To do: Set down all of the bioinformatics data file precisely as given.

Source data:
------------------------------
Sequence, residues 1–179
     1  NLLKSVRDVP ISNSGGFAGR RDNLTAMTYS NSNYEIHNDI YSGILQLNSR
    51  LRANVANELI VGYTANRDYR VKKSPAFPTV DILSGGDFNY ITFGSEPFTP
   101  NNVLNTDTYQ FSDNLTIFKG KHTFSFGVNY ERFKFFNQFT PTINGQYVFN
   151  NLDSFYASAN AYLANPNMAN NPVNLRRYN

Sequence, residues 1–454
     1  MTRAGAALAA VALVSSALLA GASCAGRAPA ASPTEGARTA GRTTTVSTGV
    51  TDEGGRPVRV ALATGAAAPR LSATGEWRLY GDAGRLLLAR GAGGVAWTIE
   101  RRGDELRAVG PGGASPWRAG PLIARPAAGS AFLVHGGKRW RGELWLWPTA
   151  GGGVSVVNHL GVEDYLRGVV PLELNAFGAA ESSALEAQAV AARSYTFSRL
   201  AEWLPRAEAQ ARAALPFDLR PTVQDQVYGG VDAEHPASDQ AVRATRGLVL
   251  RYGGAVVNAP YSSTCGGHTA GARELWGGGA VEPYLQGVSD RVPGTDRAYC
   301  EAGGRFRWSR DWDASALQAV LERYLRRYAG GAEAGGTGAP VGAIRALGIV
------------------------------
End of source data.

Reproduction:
Sequence, residues 1–179
     1  NLLKSVRDVP ISNSGGFAGR RDNLTAMTYS NSNYEIHNDI YSGILQLNSR
    51  LRANVANELI VGYTANRDYR VKKSPAFPTV DILSGGDFNY ITFGSEPFTP
   101  NNVLNTDTYQ FSDNLTIFKG KHTFSFGVNY ERFKFFNQFT PTINGQYVFN
   151  NLDSFYASAN AYLANPNMAN NPVNLRRYN

Sequence, residues 1–454
     1  MTRAGAALAA VALVSSALLA GASCAGRAPA ASPTEGARTA GRTTTVSTGV
    51  TDEGGRPVRV ALATGAAAPR LSATGEWRLY GDAGRLLLAR GAGGVAWTIE
   101  RRGDELRAVG PGGASPWRAG PLIARPAAGS AFLVHGGKRW RGELWLWPTA
   151  GGGVSVVNHL GVEDYLRGVV PLELNAFGAA ESSALEAQAV AARSYTFSRL
   201  AEWLPRAEAQ ARAALPFDLR PTVQDQVYGG VDAEHPASDQ AVRATRGLVL
   251  RYGGAVVNAP YSSTCGGHTA GARELWGGGA VEPYLQGVSD RVPGTDRAYC
   301  EAGGRFRWSR DWDASALQAV LERYLRRYAG GAEAGGTGAP VGAIRALGIV